The Education Ministry will send an inspection team to the primary school on Beethovenova Street in Nitra. The reason is that they invited members of the paramilitary group, Slovenskí Branci (Slovak Levies) to perform demonstrations of fighting techniques and chemical protection, despite the fact that schools have been recommended not to do this.
Slovak Levies boasted about their visit to the school on social network saying, “Slovak Levies, free of charge and at their own expenses, organised the sporting and civil defence programme at the primary school in Nitra,” and they also published pictures, the SITA newswire reported.
The pupils were able to try shooting an air gun and throwing false grenades, as well as examine the military equipment and learn more about chemical protection and health science.
The Education Ministry said it would check into the event, in cooperation with the school inspectorate.
“If the inspection reveals any flaws linked with non-observance of the basic rules and objectives in education, in compliance with the Education Act, we will apply adequate measures,” the spokesperson of the ministry, Ivana Skokanová, told SITA.
The city of Nitra will not become further involved with the situation as it is now in the hands of the school inspectorate, reads its statement. The schools cooperate with various organisations and associations when organising didactic games and training and it is up to them to decide whom they choose, wrote Andrej Jančovič from Nitra’s municipal authority, as reported by SITA.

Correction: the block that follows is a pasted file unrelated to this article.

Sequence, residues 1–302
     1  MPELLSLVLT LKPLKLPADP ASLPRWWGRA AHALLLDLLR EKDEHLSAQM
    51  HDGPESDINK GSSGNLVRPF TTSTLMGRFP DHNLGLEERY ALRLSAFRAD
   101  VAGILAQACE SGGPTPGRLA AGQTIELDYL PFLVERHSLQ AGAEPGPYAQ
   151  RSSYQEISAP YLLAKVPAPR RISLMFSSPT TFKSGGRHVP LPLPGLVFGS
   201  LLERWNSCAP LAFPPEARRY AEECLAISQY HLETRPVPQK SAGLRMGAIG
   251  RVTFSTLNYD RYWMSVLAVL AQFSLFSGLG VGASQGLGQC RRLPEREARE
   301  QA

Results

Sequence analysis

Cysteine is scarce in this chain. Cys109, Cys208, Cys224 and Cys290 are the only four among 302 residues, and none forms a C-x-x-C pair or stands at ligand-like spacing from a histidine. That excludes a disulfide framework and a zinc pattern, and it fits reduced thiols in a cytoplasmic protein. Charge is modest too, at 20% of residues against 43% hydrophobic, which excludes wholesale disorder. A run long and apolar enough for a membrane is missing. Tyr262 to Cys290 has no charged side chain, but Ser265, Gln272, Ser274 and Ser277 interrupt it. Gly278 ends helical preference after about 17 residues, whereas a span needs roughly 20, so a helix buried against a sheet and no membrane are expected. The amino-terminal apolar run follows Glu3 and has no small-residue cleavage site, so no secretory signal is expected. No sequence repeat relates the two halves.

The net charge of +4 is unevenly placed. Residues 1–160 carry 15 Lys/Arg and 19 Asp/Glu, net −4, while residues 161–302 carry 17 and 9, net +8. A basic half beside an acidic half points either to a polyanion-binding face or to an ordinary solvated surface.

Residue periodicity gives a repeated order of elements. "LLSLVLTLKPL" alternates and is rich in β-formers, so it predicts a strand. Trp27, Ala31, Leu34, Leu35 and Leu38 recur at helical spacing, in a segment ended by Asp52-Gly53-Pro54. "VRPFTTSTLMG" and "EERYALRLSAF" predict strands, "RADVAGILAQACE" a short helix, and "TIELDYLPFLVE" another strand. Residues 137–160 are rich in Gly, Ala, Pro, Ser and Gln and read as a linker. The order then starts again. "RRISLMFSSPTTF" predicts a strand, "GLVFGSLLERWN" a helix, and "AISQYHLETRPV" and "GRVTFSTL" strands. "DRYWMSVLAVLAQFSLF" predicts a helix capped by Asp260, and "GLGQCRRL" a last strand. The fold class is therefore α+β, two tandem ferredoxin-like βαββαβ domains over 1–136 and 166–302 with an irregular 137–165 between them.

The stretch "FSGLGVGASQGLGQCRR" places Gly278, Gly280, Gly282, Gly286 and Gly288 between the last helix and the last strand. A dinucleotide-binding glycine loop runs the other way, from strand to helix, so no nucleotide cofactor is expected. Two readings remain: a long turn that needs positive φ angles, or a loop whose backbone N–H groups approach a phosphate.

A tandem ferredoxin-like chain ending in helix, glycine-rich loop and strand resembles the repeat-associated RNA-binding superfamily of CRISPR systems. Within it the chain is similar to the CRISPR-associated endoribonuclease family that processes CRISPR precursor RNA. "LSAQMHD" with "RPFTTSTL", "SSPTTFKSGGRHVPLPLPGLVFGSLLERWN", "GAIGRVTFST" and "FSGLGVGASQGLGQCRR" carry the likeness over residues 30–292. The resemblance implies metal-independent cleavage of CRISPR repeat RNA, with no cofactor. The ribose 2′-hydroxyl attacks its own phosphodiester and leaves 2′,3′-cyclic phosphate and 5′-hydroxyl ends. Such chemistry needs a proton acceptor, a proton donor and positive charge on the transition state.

It is not the first time that a school has invited Slovak Levies. Back in 2015 the school inspectorate examined similar events in the villages of Ludanice and Presľany, both in the Topoľčany district. The schools’ headmasters allowed the paramilitary organisation to prepare lectures without asking for any identification, and they did not even evaluate the available information about the activities and character of this organisation, according to the inspectors. This resulted in an incompetent and unprofessional presentation of certain topics, they added.
The headmasters later realised they had been manipulated and regretted their decision, according to the results of the inspection. One of them even published a warning on the internet, recommending that other headmasters be very careful when organising similar events, SITA wrote.
Then education minister, Juraj Draxler also warned against spreading extremist attitudes in the education sector, with details being published on the ministry’s website. Meanwhile, chief school inspector Viera Kalmánová also called on teachers to be careful when accepting offers to carry out history and political lectures from organisations not active in education.
The headmaster of the school in Nitra told the Denník N daily, which was the first to report the incident, that he did not know about the warnings.
9. May 2017 at 22:26 | Compiled by Spectator staff